Unless you are the owner, we all report to someone at work. Even the CEO of the organization reports to a board of directors. When told there will be a change in who you report to, how do you feel? Does this excite you or panic you? If we are honest, most admit panic sets in. It is a change that has a significant impact on your life.

If someone said your parking spot at work was changing, it may cause aggravation but unlikely would it cause you panic. Yet, who you work for has a major impact on your engagement and enjoyment in your job. Why? Job engagement is less about money and benefits, even though these are nice, and more about leadership, leadership, leadership. If you are a leader today and don’t understand this, then wake up or you won’t make it long as a leader. Who you work for controls the work you do, but more importantly they create the environment in which you work.

A change in reporting relationships brings the unknown into the workplace; and most of us hate the unknown. Whether or not you loved who you previously reported to or not, you had figured out how to work with them: You had come to learn what they liked and didn’t like, and you knew where you stood with them. A new boss means having to “prove yourself” all over again to a new person. Instead of thinking about the positives, like this could be better in so many ways, we tend to assume the worst.

Throughout my career, I’ve seen people who had what appeared to others as the perfect job. They had it “all” from resources to great pay, but they hated their job because of who they worked for. I’ve also seen employees who had a job no one else would want because of their wages and working conditions yet they loved their job because of who they worked for.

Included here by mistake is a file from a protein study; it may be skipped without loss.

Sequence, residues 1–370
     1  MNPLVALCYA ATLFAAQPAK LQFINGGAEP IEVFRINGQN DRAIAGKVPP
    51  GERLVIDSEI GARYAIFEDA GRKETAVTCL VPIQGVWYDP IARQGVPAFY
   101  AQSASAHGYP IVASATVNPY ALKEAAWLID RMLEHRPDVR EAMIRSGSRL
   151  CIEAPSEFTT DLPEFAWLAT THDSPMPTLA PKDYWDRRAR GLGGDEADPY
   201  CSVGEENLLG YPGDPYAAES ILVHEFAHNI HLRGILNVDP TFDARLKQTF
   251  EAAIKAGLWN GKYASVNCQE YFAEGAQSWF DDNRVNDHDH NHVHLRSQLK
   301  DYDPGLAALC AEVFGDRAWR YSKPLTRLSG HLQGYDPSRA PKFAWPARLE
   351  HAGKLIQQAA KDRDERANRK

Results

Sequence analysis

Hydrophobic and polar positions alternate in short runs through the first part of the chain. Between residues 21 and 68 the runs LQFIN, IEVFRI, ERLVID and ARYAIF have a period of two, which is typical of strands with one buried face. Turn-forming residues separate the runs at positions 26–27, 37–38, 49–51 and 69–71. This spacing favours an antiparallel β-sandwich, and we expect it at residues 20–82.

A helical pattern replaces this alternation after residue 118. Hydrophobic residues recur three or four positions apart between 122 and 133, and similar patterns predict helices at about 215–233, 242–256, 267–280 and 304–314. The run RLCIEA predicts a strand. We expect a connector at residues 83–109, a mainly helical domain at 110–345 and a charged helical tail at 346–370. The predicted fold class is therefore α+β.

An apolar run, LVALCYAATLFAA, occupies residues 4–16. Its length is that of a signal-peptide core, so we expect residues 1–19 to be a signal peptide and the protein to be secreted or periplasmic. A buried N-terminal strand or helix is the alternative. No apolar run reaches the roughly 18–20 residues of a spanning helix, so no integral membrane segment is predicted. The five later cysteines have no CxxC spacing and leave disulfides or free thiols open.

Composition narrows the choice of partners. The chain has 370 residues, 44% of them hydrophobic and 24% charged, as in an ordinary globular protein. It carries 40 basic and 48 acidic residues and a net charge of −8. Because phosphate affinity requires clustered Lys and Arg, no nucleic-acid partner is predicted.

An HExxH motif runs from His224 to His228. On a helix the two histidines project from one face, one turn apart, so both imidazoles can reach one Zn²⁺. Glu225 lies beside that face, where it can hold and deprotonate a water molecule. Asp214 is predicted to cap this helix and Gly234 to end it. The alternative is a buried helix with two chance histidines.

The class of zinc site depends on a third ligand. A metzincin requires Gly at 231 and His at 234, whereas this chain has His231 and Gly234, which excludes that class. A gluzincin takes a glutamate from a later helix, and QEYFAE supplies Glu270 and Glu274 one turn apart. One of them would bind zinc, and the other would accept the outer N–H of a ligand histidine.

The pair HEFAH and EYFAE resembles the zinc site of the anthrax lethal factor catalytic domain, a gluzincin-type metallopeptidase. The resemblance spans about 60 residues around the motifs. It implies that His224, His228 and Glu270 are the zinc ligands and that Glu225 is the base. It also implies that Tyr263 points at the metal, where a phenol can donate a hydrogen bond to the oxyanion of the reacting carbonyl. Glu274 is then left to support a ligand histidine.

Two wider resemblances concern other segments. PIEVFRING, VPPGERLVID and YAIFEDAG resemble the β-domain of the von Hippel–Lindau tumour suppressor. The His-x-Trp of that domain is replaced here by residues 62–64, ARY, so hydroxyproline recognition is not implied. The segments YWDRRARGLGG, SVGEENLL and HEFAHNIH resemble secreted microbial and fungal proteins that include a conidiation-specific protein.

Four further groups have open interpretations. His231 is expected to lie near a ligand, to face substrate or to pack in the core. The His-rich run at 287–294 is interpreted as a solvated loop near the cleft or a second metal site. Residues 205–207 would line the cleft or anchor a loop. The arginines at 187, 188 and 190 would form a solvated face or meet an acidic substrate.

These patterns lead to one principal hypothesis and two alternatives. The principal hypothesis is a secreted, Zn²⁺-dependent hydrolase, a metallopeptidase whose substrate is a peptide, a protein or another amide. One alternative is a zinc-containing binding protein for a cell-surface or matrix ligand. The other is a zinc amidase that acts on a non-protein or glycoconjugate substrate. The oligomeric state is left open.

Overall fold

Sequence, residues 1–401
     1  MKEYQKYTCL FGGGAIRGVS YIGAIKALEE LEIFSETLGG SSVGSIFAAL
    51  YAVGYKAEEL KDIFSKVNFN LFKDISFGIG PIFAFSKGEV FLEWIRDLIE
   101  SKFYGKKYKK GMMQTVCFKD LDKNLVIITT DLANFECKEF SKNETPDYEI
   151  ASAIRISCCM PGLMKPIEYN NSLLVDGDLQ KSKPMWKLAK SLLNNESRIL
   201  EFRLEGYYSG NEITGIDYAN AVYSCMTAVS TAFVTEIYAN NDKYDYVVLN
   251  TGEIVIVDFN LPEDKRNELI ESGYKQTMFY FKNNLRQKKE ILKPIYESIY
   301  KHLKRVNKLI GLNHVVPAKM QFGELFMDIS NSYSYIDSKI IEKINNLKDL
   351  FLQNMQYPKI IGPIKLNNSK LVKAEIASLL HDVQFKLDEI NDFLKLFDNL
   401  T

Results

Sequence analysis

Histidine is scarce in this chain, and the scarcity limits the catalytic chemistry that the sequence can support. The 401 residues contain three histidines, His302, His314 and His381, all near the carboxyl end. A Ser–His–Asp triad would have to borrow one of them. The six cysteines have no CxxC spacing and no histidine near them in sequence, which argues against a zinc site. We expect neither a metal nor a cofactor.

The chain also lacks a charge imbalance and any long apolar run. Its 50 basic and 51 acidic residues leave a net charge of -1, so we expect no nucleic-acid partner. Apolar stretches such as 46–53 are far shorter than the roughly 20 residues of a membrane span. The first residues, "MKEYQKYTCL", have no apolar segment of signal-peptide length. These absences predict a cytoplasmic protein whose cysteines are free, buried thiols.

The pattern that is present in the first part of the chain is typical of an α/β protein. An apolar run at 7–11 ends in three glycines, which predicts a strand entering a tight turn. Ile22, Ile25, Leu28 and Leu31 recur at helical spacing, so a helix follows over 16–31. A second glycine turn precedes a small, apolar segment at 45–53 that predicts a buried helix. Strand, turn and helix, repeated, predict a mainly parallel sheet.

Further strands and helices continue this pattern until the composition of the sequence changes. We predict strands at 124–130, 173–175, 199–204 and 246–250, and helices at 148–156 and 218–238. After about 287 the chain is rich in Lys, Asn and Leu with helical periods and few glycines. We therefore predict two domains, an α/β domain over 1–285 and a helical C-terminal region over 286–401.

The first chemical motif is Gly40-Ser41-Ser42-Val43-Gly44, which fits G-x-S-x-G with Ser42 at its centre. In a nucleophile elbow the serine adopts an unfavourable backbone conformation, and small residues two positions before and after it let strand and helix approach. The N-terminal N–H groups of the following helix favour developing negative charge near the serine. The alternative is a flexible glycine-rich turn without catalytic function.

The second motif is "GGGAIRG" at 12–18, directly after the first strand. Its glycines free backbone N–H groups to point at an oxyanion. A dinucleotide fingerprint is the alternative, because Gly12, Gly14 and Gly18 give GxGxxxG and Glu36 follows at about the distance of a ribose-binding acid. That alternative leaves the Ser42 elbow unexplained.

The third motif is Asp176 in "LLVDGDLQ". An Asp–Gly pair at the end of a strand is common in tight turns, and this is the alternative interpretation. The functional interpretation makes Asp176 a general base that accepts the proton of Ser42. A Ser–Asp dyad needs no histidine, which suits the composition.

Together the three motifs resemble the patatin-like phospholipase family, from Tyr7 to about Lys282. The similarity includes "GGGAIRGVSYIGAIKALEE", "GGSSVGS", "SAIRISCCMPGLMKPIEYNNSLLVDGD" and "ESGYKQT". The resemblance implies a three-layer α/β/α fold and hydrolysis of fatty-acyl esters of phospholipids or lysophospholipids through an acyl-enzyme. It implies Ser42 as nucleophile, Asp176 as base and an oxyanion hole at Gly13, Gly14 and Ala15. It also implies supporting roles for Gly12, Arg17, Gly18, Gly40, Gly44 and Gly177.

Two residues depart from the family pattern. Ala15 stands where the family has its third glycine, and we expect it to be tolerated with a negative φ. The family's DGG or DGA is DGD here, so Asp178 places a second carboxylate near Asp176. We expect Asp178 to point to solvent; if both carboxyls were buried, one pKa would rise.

The best leaders are the ones who take to heart what we read in Philippians 2:4, “not looking to your own interests but each of you to the interests of the others.” They care about what’s best for those who work for them. While your supervisor cares about what is best for the organization, he or she is also considering what is best for you.

Here are three tips that I have learned from experience, on both sides of the situation, to help you through this process:

1) Please be yourself; that’s who I want to get know as a supervisor.

2) Don’t be defensive when you are asked questions.

It usually shows in your body language. As a new supervisor my job is to understand how things work, so accept that there will be questions. The more defensive you are makes me wonder what else I’m not hearing, and it makes me ask more questions, not less.

3) Be open to doing things differently; don’t resist change. The new supervisor will have some new ideas and over time will make changes.